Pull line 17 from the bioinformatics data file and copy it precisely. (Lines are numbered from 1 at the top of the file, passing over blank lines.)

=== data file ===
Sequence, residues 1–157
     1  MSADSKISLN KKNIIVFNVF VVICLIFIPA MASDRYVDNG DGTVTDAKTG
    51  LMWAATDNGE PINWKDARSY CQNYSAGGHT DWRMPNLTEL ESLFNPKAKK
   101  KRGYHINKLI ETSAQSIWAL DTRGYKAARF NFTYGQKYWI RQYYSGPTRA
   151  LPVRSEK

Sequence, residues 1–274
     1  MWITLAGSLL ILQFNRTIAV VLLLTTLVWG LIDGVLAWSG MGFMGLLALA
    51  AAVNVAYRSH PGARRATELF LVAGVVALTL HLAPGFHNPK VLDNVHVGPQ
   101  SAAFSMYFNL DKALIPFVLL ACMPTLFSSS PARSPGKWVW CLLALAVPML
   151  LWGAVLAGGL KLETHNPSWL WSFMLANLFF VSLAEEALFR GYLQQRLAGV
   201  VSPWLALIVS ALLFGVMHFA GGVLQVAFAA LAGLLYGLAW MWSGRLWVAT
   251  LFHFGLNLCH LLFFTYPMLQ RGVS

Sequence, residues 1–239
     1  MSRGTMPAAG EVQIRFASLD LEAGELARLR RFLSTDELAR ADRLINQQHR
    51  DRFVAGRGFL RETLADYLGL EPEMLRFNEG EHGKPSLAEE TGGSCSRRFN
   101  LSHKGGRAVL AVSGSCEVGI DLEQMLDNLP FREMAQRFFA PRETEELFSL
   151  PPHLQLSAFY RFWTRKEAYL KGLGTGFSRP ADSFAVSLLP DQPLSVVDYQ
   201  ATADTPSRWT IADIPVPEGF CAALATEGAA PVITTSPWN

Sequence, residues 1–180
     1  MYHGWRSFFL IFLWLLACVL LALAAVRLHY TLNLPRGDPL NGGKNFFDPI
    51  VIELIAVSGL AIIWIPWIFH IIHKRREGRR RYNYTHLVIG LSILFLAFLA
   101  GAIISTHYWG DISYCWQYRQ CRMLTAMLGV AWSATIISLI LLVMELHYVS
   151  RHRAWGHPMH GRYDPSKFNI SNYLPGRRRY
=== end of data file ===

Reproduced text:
   151  PPHLQLSAFY RFWTRKEAYL KGLGTGFSRP ADSFAVSLLP DQPLSVVDYQ